Other tax incentives include exemption from paying the 5 per cent Value Added Tax when importing machineries for agricultural purposes, as allowed under Section 3 of the Value Added Tax Act; 25 per cent investment tax credit for companies engaged in the local fabrication of agricultural equipment, as allowed under Section 28 of the Companies Income Tax Act (CITA); 10 per cent tax relief granted to a company in the first year of purchase of plant and machinery used for agricultural production; rural investment allowance the percentage of which varies according to the level of facilities in the rural area where the investment is; and tax incentives applicable to export processing zones. Prospective investors will also need the support of experienced advisers to take maximum advantage of these various tax incentives available to players in Nigeria’s growing agricultural sector.
Nigeria has a fast-growing population already over 180 million people with close to 60 per cent of its arable land yet to be cultivated. These factors among others present opportunities for investment in various segments of the agricultural sector which include crop production; food processing and preservation; livestock and fisheries production; agricultural inputs supplies and machinery as well as water resources development; commodity trading and transportation; and the development and fabrication of appropriate small-scale mechanized technologies for on-farm processing and secondary processing of agricultural produce.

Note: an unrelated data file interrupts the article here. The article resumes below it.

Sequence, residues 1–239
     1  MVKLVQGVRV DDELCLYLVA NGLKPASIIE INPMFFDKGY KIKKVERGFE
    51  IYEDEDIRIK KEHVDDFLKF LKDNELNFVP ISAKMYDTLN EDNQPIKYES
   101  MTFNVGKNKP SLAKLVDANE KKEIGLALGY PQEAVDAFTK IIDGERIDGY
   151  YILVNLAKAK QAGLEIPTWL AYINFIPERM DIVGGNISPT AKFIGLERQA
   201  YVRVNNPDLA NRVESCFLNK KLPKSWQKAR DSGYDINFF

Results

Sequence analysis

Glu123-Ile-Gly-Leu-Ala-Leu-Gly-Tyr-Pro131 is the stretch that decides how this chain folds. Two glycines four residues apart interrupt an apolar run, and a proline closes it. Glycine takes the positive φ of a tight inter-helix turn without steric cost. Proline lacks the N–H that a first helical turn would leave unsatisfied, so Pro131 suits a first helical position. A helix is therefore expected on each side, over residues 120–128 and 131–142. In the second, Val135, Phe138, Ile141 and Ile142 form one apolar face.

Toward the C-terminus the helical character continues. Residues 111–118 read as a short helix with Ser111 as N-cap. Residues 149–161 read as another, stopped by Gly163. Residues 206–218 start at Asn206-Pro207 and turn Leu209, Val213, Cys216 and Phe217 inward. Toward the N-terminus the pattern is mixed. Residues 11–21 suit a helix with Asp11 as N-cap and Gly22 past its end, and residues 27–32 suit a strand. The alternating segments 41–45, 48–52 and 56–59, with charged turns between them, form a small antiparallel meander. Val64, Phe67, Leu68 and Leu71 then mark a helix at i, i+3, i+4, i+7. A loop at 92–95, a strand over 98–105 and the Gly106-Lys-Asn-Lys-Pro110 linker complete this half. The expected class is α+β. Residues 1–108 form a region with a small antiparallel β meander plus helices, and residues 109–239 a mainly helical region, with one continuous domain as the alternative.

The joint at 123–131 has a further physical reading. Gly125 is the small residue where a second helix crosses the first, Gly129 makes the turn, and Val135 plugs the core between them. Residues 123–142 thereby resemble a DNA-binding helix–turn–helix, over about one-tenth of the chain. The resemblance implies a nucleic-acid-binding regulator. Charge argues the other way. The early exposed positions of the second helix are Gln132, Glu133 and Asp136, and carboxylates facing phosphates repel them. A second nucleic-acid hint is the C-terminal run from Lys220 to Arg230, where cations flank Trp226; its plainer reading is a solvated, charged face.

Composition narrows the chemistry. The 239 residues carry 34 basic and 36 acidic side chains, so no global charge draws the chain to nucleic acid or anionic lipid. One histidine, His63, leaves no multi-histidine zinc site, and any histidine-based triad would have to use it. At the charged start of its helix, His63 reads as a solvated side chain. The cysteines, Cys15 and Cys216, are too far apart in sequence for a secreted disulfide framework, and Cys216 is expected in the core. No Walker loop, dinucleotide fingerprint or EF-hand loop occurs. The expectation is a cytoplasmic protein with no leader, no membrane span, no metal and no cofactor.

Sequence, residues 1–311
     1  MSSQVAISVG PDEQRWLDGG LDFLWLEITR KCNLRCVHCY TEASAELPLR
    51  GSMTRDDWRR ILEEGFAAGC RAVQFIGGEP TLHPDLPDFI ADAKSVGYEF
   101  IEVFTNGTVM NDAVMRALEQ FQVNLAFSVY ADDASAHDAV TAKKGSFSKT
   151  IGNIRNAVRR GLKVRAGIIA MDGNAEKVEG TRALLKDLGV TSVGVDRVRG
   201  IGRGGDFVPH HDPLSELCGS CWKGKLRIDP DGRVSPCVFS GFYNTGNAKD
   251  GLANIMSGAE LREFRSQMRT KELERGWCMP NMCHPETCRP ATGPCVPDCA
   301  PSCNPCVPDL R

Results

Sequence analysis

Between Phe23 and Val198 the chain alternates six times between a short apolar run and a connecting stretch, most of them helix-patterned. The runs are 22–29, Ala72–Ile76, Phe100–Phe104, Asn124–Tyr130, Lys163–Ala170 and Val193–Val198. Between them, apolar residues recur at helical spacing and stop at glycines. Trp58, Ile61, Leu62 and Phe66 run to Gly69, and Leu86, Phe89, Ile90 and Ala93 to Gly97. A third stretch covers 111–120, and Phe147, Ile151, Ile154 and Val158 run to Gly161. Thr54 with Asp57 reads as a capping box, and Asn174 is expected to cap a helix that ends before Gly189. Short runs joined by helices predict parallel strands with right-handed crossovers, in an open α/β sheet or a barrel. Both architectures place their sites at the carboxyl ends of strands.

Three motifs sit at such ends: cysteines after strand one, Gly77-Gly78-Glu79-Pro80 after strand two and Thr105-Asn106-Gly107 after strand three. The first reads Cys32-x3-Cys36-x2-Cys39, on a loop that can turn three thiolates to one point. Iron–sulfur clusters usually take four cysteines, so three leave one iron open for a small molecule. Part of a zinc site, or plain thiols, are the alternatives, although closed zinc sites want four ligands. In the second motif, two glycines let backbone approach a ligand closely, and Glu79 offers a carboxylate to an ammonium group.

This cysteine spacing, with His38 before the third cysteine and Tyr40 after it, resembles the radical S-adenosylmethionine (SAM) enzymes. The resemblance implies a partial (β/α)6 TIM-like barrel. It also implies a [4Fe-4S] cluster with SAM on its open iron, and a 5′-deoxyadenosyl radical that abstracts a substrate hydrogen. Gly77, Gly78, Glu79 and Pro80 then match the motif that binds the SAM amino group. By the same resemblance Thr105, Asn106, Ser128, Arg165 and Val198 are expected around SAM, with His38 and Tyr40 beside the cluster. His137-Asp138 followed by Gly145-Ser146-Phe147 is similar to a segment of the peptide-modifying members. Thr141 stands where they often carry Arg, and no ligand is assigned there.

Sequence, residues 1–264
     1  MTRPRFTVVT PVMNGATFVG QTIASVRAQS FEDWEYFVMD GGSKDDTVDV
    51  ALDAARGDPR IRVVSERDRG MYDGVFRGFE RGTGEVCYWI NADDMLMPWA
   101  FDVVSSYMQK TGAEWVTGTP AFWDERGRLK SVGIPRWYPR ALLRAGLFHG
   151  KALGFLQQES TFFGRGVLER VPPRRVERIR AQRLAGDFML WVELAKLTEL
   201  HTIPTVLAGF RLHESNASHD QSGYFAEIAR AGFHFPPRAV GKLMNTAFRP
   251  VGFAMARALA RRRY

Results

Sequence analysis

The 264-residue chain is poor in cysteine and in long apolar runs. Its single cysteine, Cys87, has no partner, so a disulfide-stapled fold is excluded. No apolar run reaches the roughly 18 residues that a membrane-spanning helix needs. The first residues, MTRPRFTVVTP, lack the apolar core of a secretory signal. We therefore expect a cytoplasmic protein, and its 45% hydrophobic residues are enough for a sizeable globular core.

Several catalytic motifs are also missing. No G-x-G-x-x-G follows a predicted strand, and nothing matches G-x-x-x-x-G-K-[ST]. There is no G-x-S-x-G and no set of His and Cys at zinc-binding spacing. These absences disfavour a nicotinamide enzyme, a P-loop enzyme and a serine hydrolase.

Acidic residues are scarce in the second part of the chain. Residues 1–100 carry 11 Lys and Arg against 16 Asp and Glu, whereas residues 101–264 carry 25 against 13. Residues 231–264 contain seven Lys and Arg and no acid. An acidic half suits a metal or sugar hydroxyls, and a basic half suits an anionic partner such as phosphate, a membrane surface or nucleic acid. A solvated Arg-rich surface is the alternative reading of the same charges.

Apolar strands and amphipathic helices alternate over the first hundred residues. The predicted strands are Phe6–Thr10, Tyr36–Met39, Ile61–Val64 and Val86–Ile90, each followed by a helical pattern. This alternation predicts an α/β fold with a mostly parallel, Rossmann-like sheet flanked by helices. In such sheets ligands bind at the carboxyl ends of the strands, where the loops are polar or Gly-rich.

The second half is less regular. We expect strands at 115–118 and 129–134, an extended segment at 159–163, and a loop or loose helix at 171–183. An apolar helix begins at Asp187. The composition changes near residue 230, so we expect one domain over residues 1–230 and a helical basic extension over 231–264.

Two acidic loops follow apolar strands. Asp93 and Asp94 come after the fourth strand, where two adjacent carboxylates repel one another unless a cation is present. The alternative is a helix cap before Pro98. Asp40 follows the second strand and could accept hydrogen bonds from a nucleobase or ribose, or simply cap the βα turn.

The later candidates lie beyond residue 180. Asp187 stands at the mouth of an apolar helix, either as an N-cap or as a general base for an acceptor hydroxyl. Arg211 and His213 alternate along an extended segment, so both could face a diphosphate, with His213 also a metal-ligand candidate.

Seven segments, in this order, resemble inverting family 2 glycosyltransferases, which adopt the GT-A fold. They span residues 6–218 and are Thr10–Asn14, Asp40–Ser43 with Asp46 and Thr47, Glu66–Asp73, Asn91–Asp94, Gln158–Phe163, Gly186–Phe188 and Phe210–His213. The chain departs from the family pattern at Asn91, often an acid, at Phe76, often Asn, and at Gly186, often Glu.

A number of private investors have already taken the lead in recent months by going into strategic partnership and arrangements with state governments to establish rice mills and other food processing plants close to the source of farm inputs. Many farmers have also benefitted from the Presidential Fertiliser Initiative and the Anchors Borrower Programme of the CBN among other initiatives opening up the sector for increased participation.
It is our considered opinion that now is a good time for interested investors to structure befitting entities to invest in desired segments of the sector which is poised for more growth.